True Political Colours by Umar Saeed

Canadians know exactly what they are voting for based on the colour of the political party. Blue stands for tax cuts, less government programs, balanced budgets and big business. Red means higher taxes, better social programs and running up the debt to finance it. Orange is there to make red look like blue. Each colour comes with rhetoric. It is the brand of each political party that has been advertised to Canadians for generations.

This begs the question, when political parties are elected, do they stay true to their colours? On matters of culture and social justice, the difference is clear. Traditionally, Conservatives have stood up for the right to bear arms, hated abortions and tried to preserve the “purity” of marriage. The Liberals have been much more tolerant and the NDP staunchly opposed to such views. Thankfully for Canadians, the legal system has taken the most contentious issues out of the hands of the politicians. So what about economic policy, or more specifically, the national debt?

The chart below shows 50 years worth of data on Canada’s national debt . The true colours of reigning parties are revealed (click to expand). It illustrates no relationship between political ideology and the actual effect on Canada’s finances.

Canada’s debt as a percentage of its GDP shows that during Pierre Trudeau’s heyday the national debt was actually at its lowest level in the past 50 years (inflation adjusted). During Brian Mulroney’s rule through the eighties, the national debt rose quite drastically. When Jean Chretien’s Liberals took over, the debt rolled back down again.

Debt-to-GDP is a fairly comprehensive measure. If politicians are going to promise a “responsible government” or “prosperity,” this metric accounts for that.

A major reason for this inconsistency between party lines and party results is that politicians today have very little influence over the country’s finances. Pierre Trudeau created so many of the social welfare programs that have come to define Canada’s identity. Mulroney opened Canada’s doors to the global economy, for better or for worse. Politicians sitting in the throne today find that their bed is already made.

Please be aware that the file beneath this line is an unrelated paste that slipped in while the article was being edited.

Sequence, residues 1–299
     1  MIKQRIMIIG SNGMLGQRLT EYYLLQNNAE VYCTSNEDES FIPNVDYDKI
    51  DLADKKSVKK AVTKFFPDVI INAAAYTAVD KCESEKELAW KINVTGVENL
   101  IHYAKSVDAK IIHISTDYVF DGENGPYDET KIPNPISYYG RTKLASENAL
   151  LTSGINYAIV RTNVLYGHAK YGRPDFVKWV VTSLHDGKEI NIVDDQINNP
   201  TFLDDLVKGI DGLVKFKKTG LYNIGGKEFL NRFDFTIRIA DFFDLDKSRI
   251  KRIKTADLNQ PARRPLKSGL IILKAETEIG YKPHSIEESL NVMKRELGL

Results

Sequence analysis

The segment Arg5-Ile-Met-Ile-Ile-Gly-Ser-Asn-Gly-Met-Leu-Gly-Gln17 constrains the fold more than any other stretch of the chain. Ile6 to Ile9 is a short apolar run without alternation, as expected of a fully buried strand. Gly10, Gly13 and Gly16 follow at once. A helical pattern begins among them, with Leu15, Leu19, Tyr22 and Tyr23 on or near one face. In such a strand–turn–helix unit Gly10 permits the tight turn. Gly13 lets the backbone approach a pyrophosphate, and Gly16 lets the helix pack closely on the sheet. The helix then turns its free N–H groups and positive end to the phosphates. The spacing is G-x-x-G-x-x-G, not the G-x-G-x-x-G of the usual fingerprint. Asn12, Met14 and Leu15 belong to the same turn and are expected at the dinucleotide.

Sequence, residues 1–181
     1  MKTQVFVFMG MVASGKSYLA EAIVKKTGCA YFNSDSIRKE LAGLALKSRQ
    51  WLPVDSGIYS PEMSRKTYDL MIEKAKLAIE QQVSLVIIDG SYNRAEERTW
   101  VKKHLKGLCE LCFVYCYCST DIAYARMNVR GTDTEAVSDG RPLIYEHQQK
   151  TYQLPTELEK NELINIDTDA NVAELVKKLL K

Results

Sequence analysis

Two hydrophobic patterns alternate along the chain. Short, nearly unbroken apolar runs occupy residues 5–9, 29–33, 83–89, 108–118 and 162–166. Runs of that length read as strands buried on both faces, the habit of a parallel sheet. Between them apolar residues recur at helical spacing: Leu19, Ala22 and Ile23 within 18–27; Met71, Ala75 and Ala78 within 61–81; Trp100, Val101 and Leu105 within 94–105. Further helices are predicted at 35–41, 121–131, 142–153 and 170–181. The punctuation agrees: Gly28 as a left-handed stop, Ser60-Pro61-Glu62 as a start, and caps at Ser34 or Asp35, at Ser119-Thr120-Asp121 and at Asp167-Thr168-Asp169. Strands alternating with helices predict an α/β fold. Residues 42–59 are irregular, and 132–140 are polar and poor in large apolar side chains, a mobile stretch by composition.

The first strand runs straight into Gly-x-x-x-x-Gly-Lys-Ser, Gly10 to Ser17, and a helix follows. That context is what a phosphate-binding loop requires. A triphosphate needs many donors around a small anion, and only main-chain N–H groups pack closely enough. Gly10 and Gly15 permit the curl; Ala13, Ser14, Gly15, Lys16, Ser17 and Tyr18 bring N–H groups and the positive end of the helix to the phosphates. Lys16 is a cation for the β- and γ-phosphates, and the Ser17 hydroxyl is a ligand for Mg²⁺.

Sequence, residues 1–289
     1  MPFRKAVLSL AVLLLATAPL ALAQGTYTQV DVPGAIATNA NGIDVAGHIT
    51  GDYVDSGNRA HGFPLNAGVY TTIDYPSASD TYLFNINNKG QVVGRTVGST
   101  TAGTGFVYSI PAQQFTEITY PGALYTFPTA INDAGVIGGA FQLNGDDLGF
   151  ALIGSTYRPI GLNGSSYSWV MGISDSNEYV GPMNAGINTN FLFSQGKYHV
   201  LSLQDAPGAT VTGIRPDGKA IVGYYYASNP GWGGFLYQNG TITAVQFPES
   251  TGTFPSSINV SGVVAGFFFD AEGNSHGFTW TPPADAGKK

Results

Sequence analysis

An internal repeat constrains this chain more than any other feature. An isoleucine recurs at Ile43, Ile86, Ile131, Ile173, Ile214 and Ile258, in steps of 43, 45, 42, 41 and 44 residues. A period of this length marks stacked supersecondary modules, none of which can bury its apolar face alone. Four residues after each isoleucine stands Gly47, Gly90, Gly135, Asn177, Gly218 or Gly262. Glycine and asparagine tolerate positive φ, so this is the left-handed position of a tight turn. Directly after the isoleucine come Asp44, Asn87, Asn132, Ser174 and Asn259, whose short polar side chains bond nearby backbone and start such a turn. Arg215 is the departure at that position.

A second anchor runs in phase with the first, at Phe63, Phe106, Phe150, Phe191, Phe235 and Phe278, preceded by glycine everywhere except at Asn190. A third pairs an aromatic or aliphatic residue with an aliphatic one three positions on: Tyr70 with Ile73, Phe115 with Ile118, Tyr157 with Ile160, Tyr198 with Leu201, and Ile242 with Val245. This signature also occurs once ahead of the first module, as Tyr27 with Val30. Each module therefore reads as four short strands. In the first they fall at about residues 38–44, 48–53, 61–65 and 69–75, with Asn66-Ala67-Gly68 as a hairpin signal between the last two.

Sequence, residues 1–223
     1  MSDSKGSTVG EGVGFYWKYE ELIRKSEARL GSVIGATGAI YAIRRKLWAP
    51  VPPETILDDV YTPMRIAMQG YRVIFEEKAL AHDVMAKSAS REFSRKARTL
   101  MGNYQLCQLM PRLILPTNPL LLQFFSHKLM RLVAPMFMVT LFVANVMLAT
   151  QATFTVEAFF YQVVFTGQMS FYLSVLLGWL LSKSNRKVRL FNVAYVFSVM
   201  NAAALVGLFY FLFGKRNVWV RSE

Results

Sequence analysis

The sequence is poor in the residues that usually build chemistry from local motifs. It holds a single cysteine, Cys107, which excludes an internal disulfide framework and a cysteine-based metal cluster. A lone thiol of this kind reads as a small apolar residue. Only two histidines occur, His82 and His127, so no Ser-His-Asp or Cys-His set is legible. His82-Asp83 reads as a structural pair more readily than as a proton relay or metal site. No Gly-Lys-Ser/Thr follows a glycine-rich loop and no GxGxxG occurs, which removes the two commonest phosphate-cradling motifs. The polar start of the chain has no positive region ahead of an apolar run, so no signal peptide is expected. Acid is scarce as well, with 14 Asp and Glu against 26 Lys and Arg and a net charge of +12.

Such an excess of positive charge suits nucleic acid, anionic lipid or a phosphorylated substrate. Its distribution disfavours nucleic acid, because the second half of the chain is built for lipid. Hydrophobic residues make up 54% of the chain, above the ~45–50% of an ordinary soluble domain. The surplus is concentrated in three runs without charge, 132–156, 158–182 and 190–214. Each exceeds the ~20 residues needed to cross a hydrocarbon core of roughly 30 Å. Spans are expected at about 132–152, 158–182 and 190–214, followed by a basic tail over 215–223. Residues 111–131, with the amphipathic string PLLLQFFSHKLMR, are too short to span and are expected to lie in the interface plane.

For example, in 2006 Stephen Harper’s Conservatives set out a plan to eliminate the national debt entirely. In 2008 they ran into a global recession commingled with a nasty financial crisis. They had no choice but to run up deficits to save jobs in the auto industry, pay out unemployment, and finance the liquidity of the Canadian banks to keep them lending and issuing mortgages (and avert panic).

The latest federal spending numbers show that 64% of all spending relates to health (19%), social services (30%) and education (15%). With an aging population, health and social services (which includes Old Age Security and income supplements) are projected to rise sharply over the next two decades.

There is another option that will create a severely unpopular legacy for whatever colour decides to pursue it. The government can cut, slash and curb its healthcare, old age entitlements and education. Stephen Harper has proposed to reform the Canada Pension Plan by flipping it into a public-private partnership. The change would reduce Canada’s future obligations by shifting the burden and risks of retirement back to individual Canadians and off the government’s books.

But unless Canada wants to stop being Canada, much of the 64% is a firm commitment the country must deal with. These obligations growing fast and cutting corners will not make a material difference. Politicians will continue to solicit your votes by making the same old promises of avoiding tax hikes and managing the national debt. The truth is that these commitments will be financed by a combination of tax hikes and increased debt, no matter what colour you vote for.


Photo: Stephen Harper

Umar Saeed is an accomplished professional in finance and accounting. On his website (, where this post originally appeared, he writes essays to explain the elaborate connections between people and money, without making your head hurt. You can follow him on Twitter @UmarSaeedCA. Or you can read the rest of his posts at The Little Red Umbrella here.


Post a Comment